You’ve probably heard the recent news reports that flossing was dropped as a recommended practice from the Dietary Guidelines for Americans this year. Many people have interpreted this to mean that flossing is no longer important, but Dr. Crabtree and his staff still believe flossing is an important part of daily dental hygiene. Every day they see how the use of floss benefits their patients.
Why was floss tossed out of the Dietary Guidelines?
The Dietary Guidelines for Americans are chiefly nutritional guidelines, but over the years they grew to include other generalized health guidelines. The guidelines must be based on strong research, meaning randomized, controlled studies per federal law. There hasn’t been any strong research – in favor of flossing OR against flossing, so no flossing recommendation should have ever been included in the guidelines. There are only so many research hours and dollars out there, and flossing is simply not a research priority. As the only evidence for flossing is anecdotal, the flossing recommendation was removed from the Dietary Guidelines.
Should I floss in absence of serious research?
Flossing helps remove bacteria and plaque from between the teeth and gums. Brushing your teeth alone cannot remove this bacteria and plaque, and its’ removal is important in preventing cavities between your teeth and tartar and calculus buildup, which can cause gum disease. Gum disease is a chronic condition which once developed requires more frequent teeth cleanings and treatment throughout your life.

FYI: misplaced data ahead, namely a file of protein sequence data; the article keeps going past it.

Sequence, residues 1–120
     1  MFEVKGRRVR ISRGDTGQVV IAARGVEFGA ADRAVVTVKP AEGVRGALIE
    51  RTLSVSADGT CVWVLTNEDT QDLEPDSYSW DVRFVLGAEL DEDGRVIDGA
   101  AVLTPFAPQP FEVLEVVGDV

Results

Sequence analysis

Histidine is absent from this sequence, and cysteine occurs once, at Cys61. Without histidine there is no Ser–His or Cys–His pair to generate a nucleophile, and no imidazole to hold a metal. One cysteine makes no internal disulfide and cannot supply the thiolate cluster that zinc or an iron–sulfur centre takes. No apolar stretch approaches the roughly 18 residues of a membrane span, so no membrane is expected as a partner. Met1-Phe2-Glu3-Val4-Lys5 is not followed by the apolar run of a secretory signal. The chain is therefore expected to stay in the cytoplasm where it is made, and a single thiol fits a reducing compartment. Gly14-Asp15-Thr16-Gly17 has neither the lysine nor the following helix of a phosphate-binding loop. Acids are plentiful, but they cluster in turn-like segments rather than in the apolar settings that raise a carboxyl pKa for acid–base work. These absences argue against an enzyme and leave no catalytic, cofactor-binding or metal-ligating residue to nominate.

Most dentists – and clinical dental professionals – including Dr. Crabtree and his staff – can tell during an oral evaluation whether or not a patient regularly flosses; the results of flossing are that evident. Dr Crabtree can tell you that flossers have much healthier gums. He also knows firsthand and can tell a significant difference in his mouth when he flosses. Ask any regular flosser – they’ll confirm its effectiveness as well.
In conclusion, don’t hang up the floss just yet! A lack of research on something doesn’t mean it’s not beneficial, sometimes anecdotal data is sufficient to make sound choices. Just as it doesn’t require serious research to know that you shouldn’t jump out of a plane without a parachute, it doesn’t require significant research to know the obvious benefits of flossing. Flossing is low risk, low cost and it’s good for you!